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"Island of Lost Souls" - Many Faces of Horror Weekend

Event title "Island of Lost Souls" - Many Faces of Horror Weekend
Beginning Date Saturday October 21st, 2017 PM 4:00
Ending Date Saturday October 21st, 2017 PM 6:45
Location Landmark Loew's Jersey Theatre
Contact Colin Egan
Email loewsjersey@gmail.com
URL http://www.loewsjersey.org
Description Starring Charles Laughton, Bela Lugosi, Richard Arlen, Leila Hyams. 1932, 71mins., B&W. (Screened in 35mm).

Rare 35mm Screening!

“The Island of Lost Souls” may not be among the first titles that come to mind when you think “horror film”, but it should be. Now observing its 85th anniversary, the film has retained its raw power to unnerve. That’s largely due to the vivid, sweaty amorality that Charles Laughton brings to his incarnation of H.G. Welles’ Dr.Moreau, who performs unspeakable experiments transforming animals into human form on his island-laboratory; when a survivor of a ship-wreck lands on the island, Moreau decides to expand his experiments. A lot of mad scientist characters in movies have played God, but few made it seem more morally repugnant, genuinely disturbing – and frightening believable than Laughton.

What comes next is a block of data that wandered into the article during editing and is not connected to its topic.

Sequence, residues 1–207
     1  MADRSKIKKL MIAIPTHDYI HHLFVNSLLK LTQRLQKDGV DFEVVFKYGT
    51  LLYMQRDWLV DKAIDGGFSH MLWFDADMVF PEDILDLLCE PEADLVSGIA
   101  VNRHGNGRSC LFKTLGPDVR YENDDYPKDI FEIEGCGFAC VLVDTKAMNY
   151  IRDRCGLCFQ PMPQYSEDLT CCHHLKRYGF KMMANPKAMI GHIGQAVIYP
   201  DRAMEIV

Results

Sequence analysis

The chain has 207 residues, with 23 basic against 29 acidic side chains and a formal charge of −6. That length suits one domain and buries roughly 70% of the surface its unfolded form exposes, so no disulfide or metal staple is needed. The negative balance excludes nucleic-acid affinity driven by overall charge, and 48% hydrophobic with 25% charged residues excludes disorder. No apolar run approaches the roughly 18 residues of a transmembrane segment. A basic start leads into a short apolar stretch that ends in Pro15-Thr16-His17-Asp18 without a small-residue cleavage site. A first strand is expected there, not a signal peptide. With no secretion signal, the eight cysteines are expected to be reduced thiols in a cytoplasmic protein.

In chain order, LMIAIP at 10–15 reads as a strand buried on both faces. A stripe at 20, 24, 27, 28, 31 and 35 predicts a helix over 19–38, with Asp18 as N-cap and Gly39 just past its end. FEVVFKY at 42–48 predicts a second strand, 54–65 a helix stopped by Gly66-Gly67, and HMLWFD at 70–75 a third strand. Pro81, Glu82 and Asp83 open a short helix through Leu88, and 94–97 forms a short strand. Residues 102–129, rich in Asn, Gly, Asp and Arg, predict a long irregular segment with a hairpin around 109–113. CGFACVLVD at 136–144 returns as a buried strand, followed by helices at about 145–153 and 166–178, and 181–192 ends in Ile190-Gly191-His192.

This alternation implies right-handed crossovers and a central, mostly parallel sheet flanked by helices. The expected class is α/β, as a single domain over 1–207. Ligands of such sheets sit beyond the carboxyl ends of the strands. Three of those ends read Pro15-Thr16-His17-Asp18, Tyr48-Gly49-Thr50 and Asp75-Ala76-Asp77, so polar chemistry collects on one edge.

Bela Lugosi, just a year after playing the lead in "Dracula", gives a remarkable, and not a little poignant performance as one of Moreau's "manimals".

If not as celebrated as the same era’s make-up work at Universal, Paramount’s Wally Westmore's creations here genuinely resemble a grotesque middle ground between humans and animals; he gave Moreau's creations a rough, unpolished quality that suits the story perfectly. And while the film is extremely modest in its on-screen violence, the terrors and mutilations implied off-screen by the hideously pained overheard screams of the "manimals" are as frightening as the most gore-soaked scenes in modern horror movies. In its day, “The Island of Lost Souls” was considered a film that went too far (it was banned in England until the late 1960s), and its rough audacity gives it a power that hasn't dulled all these years later. It will be seen at the Loew’s in a rare 35mm screening.

Admission: $8 Adults / $6 Seniors & Kids

Categories Art & Entertainment
Last Modified Thursday October 19th, 2017
APCal by AP



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